What is Jasper Johns best known for?

What is Jasper Johns best known for?

the American flag
Jasper Johns (born May 15, 1930) is an American painter, sculptor, and printmaker whose work is associated with abstract expressionism, Neo-Dada, and pop art. He is well known for his depictions of the American flag and other US-related topics.

Who painted flag 1?

Jasper Johns
Flags 1 by Jasper Johns: A masterpiece of printmaking.

How much is Jasper Johns worth?

Record for Jasper Johns at Sotheby’s $344 million contemporary art auction | Reuters.

How much did Jasper Johns flag sell for?

$36 million
More Stories by Dan. Jasper Johns’s 1983 Flag trounced its $15 million-to-$20 million estimate, selling for $36 million with premium.

How many Jasper Johns flags are there?

Since that time, Johns has created more than 100 flags in various media, in a variety of sizes, as a single flag or in multiples, and depicted it in black & white, greys, in oranges and greens and in the traditional red, white and blue.

Who is the richest painter ever?

In 2008, Damien Hirst made history when he decided to skip the art gallery system and sell an entire show of his work directly through auction. It paid off, netting him $198 million and the title of the world’s richest artist.

Why is Jasper’s flag important?

Perhaps the most important thing that Jasper Johns did with his flag paintings was to take the American flag out of its normal context. By bringing it into the gallery—and museums shortly followed—he was telling all of us that it could and should be seen in a fresh way.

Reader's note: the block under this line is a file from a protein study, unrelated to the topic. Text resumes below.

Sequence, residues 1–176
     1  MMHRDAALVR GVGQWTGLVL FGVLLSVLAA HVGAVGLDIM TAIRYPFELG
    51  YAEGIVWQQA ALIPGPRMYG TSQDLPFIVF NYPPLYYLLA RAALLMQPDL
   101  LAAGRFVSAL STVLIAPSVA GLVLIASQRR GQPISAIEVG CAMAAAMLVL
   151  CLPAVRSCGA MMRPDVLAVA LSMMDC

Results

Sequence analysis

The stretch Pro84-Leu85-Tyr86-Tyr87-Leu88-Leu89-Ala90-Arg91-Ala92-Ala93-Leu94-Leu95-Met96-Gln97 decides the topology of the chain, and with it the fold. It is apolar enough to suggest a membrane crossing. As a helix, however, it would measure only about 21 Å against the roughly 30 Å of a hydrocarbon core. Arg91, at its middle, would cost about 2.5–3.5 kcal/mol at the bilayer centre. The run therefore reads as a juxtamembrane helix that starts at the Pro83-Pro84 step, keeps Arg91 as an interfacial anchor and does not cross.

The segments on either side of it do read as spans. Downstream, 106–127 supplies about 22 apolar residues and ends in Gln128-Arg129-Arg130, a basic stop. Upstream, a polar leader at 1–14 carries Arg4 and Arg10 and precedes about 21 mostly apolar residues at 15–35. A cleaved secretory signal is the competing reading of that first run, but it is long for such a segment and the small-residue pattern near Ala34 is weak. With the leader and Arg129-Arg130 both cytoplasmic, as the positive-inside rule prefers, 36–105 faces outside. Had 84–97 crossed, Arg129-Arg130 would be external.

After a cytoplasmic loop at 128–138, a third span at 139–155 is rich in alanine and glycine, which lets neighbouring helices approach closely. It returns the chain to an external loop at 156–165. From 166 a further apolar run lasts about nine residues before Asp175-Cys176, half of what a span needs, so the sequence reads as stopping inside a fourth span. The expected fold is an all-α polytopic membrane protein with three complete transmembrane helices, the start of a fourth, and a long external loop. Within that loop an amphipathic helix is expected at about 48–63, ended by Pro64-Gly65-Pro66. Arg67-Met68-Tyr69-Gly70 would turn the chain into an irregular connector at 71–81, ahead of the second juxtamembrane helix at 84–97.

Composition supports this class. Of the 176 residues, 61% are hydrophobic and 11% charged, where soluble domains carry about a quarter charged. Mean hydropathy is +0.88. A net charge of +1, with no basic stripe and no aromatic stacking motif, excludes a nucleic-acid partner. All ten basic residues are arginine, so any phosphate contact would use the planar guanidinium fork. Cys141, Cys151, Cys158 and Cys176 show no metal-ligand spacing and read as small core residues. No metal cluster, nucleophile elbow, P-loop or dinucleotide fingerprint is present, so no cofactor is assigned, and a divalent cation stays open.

Who gave pop art its name?

Lawrence Alloway
The term “Pop Art” was coined in 1955 by Lawrence Alloway, a British curator and critic. Pop Art was the art of popular or “material” culture and was a revolt against the status quo and the traditional views of what art should be. It was a new form of “popular” art that was low cost and mass produced.

What is the meaning of Jasper Johns flag?

In fact, Jasper Johns’ Flag (1954 – 1955) has come to symbolize a profound relationship between a mental association (immediate recognition of the symbol) and color (applied with precise intention), that comes together to make this an inimitable part of American contemporary art.